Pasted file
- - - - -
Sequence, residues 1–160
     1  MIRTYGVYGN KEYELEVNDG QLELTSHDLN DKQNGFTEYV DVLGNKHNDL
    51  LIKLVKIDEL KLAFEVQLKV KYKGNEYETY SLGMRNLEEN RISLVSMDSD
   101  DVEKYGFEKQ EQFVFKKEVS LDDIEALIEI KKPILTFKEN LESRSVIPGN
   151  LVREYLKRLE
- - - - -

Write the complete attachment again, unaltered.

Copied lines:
Sequence, residues 1–160
     1  MIRTYGVYGN KEYELEVNDG QLELTSHDLN DKQNGFTEYV DVLGNKHNDL
    51  LIKLVKIDEL KLAFEVQLKV KYKGNEYETY SLGMRNLEEN RISLVSMDSD
   101  DVEKYGFEKQ EQFVFKKEVS LDDIEALIEI KKPILTFKEN LESRSVIPGN
   151  LVREYLKRLE